Zelonka et al v. Gyarmati et al, No. 2:2022cv00347 - Document 18 (M.D. Fla. 2022)

Court Description: OPINION AND ORDER denying 12 Motion to Remand to State Court. Signed by Judge John E. Steele on 8/1/2022. (RKR)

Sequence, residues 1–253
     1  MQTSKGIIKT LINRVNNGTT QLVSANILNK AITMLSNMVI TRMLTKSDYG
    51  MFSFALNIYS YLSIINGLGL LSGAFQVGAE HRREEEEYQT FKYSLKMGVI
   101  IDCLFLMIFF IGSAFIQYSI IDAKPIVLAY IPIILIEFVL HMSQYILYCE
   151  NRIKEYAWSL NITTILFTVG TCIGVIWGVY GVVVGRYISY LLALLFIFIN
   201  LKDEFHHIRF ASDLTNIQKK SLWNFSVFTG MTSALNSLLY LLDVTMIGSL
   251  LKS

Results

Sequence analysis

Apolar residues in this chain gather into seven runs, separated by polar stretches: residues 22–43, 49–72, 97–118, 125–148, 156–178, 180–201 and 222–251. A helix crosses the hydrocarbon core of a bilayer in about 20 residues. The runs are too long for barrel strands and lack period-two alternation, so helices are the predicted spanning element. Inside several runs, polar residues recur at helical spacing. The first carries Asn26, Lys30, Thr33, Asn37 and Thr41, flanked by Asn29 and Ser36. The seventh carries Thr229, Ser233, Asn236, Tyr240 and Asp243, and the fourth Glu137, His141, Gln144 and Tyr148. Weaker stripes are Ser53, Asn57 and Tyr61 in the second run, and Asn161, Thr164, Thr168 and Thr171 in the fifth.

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Zelonka et al v. Gyarmati et al Doc. 18 UNITED STATES DISTRICT COURT MIDDLE DISTRICT OF FLORIDA FORT MYERS DIVISION STEPHEN ZELONKA and JOAN CARRILLO, Plaintiffs, v. Case No: 2:22-cv-347-JES-NPM BENEDICT GYARMATI and TIBOR GYARMATI, Defendants. OPINION AND ORDER This matter comes before the Court on plaintiffs' Motion to Remand (Doc. #12) filed on June 30, 2022. Defendants filed a Response in Opposition (Doc. #17) on July 14, 2022. For the reasons set forth below, the motion is denied. I. On February 14, 2022, plaintiffs Stephen Zelonka and Joan Carrillo filed a Complaint (Doc. #6) in Collier County Circuit Court against Benedict Gyarmati and Tibor Gyarmati for negligence. Tibor Gyarmati is the owner of the motor vehicle that Benedict Gyarmati was operating at the time of a collision in Collier County causing bodily injury to Stephen Zelonka, who was operating a motorcycle at the time. Joan Carrillo is the wife of Stephen Zelonka and joins the suit for the loss of consortium of her spouse (Counts II and IV). Prior to filing suit, plaintiffs sent a demand Dockets.Justia.com letter seeking in excess of $3 million. with process on March 16, 2022. Defendants were served (Doc. #12-1.) On April 27, 2022, defendants filed an Answer and Affirmative Defenses (Doc. #7). Plaintiffs filed Responses to Request for Admissions on May 4, 2022 (Doc. #1, ¶ 3) in which plaintiffs stated that they were both citizens of the State of Florida and not citizens of the State of Michigan, where both defendants are citizens. On June 2, 2022, defendants removed the case to federal court, alleging diversity jurisdiction under 28 U.S.C. § 1332. (Doc. #1.) Defendants assert the amount in controversy is met based on plaintiffs’ presuit demand letter dated October 13, 2021 (Doc. #1-7, Ex. G) and that the diversity of citizenship is satisfied by the Responses to Request for Admissions. II. As the party seeking federal jurisdiction, the burden is upon defendants to establish diversity jurisdiction as of the date of removal. Sammie Bonner Constr. Co. v. W. Star Trucks Sales, Inc., 330 F.3d 1308, 1310 (11th Cir. 2003). Defendants must also show by a preponderance of the evidence that the amount in controversy exceeds the federal jurisdictional amount. Williams v. Best Buy Co., Inc., 269 F.3d 1316, 1319 (11th Cir. 2001). Plaintiff seeks to remand the case to state court, arguing that the notice of removal was untimely and that there is an insufficient showing of the requisite amount in controversy. - 2 - A. Timeliness of Notice of Removal The Complaint filed on February 14, 2022, makes no allegations regarding the parties’ citizenship. Therefore, the case was not then removable to federal court, and the time period for such removal did not begin. Rather, [I]f the case stated by the initial pleading is not removable, a notice of removal may be filed within 30 days after receipt by the defendant, through service or otherwise, of a copy of an amended pleading, motion, order or other paper from which it may first be ascertained that the case is one which is or has become removable. 28 U.S.C. § 1446(b)(3). Defendants rely on the Responses to Requests for Admission as the ‘other paper’ which established citizenship for the first time and started the 30-day time period in which to remove the case. (Doc. #17, p. 15.) The Court agrees. “Courts have included within the term ‘other paper’ responses to requests responses, for admissions, deposition estimating damages.” settlement testimony, demand offers, interrogatory letters, and emails Brito v. Harris & GTS Transp. Corp., No. CV 322-038, 2022 WL 2835852, at *1 (S.D. Ga. July 20, 2022) (citing Lowery v. Alabama Power Co., 483 F.3d 1184, 1212 n.62 (11th Cir. 2007) (citations omitted)). Plaintiffs argue, however, that the removal was nonetheless untimely because defendants knew complete diversity of citizenship was present prior to the Complaint being filed. - 3 - (Doc. #12, p. 11.) Plaintiffs argue that the crash report reflects a Florida driver’s license and registration in the State of Florida, and the report was included in the demand package sent to defendants prior to filing suit. (Id., p. 12.) “Though ‘other paper’ is broadly defined and may include any formal or informal communication received by a defendant, as a matter of statutory construction, documents a defendant receives prior to the commencement of a suit are not “other paper” under section 1446(b)(3) because there is no case in which to trigger a limitation on removal.” v. GeoVera Specialty Chabad Lubavitch of Pembroke Pines, Inc. Ins. Co., No. 5155718, at *3 (S.D. Fla. Nov. 5, 2021). 21-CV-61420-RAR, 2021 WL See also Constas v. Home Depot U.S.A., Inc., No. 6:21-CV-1578-WWB-DCI, 2022 WL 1224077, at *3 (M.D. Fla. Mar. 18, 2022) (“[e]very court of appeals that has addressed whether a court may consider a defendant's pre- litigation knowledge or post-litigation knowledge from a source other than the plaintiff to decide triggering of the 30-day removal period has held no.”), report and recommendation adopted, No. 6:21CV-1578-WWB-DCI, 2022 WL 1224053 (M.D. Fla. Apr. 11, 2022). The Traffic Crash Report completed on the scene by the Collier County Sheriff’s Officer cannot be considered ‘other paper’ for purposes of the removal statute. Additionally, even if considered, this document simply provides the residential address of the driver, which is not necessarily the same as the domicile - 4 - required for federal diversity jurisdiction. “A person’s domicile is the place of his true, fixed, and permanent home and principal establishment, and to which he has the intention of returning whenever he is absent therefrom.” McCormick v. Aderholt, 293 F.3d 1254, 1257-58 (11th Cir. 2002) (internal quotation marks and citations omitted). As a result, it could not be the triggering information for removal, and the notice of removal was timely from the Responses to Request for Admissions. B. Amount in Controversy Even if timely removed, plaintiffs assert that the notice of removal insufficiently established the amount in controversy. The Complaint (Doc. #6) simply seeks the state court jurisdictional minimum of “in excess of $30,000”. Since the Florida “State practice . . . permits recovery of damages in excess of the amount demanded,” a defendant is required to establish “by the preponderance of the evidence, that the amount in controversy exceeds the amount specified in section 1332(a).” 1446(c)(2)(A),(B). 28 U.S.C. § A Notice of Removal must plausibly allege the jurisdictional amount, not prove the amount. Dart Cherokee Basin Operating Co., LLC v. Owens, 574 U.S. 81, 89 (2014). “[W]hen a district court can determine, relying on its judicial experience and common sense, that a claim satisfies the amount-in-controversy requirements, it need not give - 5 - credence to a plaintiff's representation that the value of the claim is indeterminate.” Roe v. Michelin N. Am., Inc., 613 F.3d 1058, 1064 (11th Cir. 2010). In this case, defendants rely on a detailed pre-suit demand to support an amount in controversy in excess of $75,000 because it includes outstanding medical bills and estimated future medical care of $425,378.79 (medical bills in the amount of $140,056.17 and future projected medical costs in the amount of $285,322.62). (Doc. #1-7, pp. 19, 25-26, 29.) Consideration of a pre-suit demand, however, requires caution. However, settlement demands often reflect puffing and posturing; thus, courts may award them little weight. Kilmer v. Stryker, Corp., No. 5:14-cv-456-OC-34PRL, 2014 WL 5454385, at *4 (M.D. Fla. Oct. 27, 2014). Nonetheless, if a demand letter provides specific information to support the plaintiff's claim for damages, the court may consider it relevant evidence. Mitchell v. Fam. Dollar Stores of Fla., LLC, No. 8:18-CV-1640-T-33AAS, 2018 WL 3548694, at *1 (M.D. Fla. July 24, 2018). Reyes v. Stockhill, 568 F. Supp. 3d 1288, 1293 (M.D. Fla. 2021). Plaintiffs respond that an insurance carrier paid an amount exceeding the total outstanding medical bills and estimated future medical care listed in the demand, and therefore defendants can no longer meet their burden. In the Complaint, plaintiff Zelonka alleges that he suffered bodily injury, disability, disfigurement, mental anguish, loss of capacity for enjoyment of life, hospitalization, medical and nursing care treatment, loss of earnings, and losses that are - 6 - permanent or continuing. (Doc. #6, ¶ 4.) Plaintiffs filed suit in state court asserting a value of over $100,000 for the case after the payment from insurance. (Doc. #1-2, p. 1.) no indication that the other damages are now moot. provides that Stephen Zelonka will accept liability insurance limits of $3 million. the There is The Demand bodily injury (Doc. #1-7, p. 29.) Unlike Macon v. Alabama CVS Pharmacy, L.L.C., No. 3:21-CV-724-KFP, 2022 WL 1129641, at *3 (M.D. Ala. Apr. 15, 2022), the Demand goes on in great detail about Stephen Zelonka’s permanent injuries and “pain and suffering/effect on life and activities” as completely life altering: Every day Stephen struggles with this pain that has permanently limited his range of motion in his shoulder. He explains "it feels like the joint is loose" and he can hear "clicking" sounds." Stephen has issues reaching over his head, lifting anything, or putting strain on his shoulder. Stephen underwent extensive physical therapy treatments for his pain and range of motion in his left shoulder, but full range of motion has not returned. Stephen also has to limit the amount of walking he does. He continues to be very careful especially walking on uneven surfaces due to his injuries. The pain in his left foot is still bothersome and he complains that the tingling in his foot is still very prominent. Doing daily chores or task around the house can easily cause his foot to get swollen. In fact, on most days he just wakes up and it is already swollen. His pain and pain have greatly affected his ability to sleep, and he often wakes up in a lot of discomfort. He avoids sleeping on his left side due to his injuries. Once Stephen is - 7 - finally able to fall asleep the mental effects from this crash come to life. Stephen will lay in bed and have flashbacks of this horrific crash and the extreme pain and trauma Mr. Gyamarti has caused him. Unfortunately, his pain and physical limitations from the crash have forced him to quit things he loved to do. Stephen was a very active person that enjoyed living his life with his family and friends. He would frequently exercise, play tennis and do other physical activities. This crash has forced him to give up all of these things he once enjoyed so much. This crash has affected Stephen's personal, emotional, and financial life in so many ways. Stephen was immobile for nearly two months. This impacted his marital relationship. He was not able to do much of anything. The injuries were so severe and so impactful, his wife Joan had to cater to his every need day, and night. He was on medical leave from work the entire month of January and limited to only office duty in February because of his injuries and limitations from the crash. Stephen deals with many reminders of this crash every day. He now has permanent scars on his knee, left leg, left arm and left shoulder. These scars are a permanent reminder of this horrible crash and how it has affected Stephen's life. He also has a left shoulder deformity from his shoulder injury that will never go away. He will continue to need physical therapy and possibly surgery on his shoulder and left foot in the near future. Stephen is worried about his future and what it may hold. This crash has been life altering for him and his family. (Doc. #1-7, pp. 26-27.) Plaintiffs also noted that there are no caps or limits on past or future economic and non-economic damages. (Id., p. 29.) The Court finds that defendants can plausibly - 8 - support an amount in controversy that exceeds $75,000, even if the settlement amount is set-off from the insurance proceeds. Accordingly, it is hereby ORDERED: Plaintiffs' Motion to Remand (Doc. #12) is DENIED. DONE and ORDERED at Fort Myers, Florida, this August 2022. Copies: Counsel of Record - 9 - 1st day of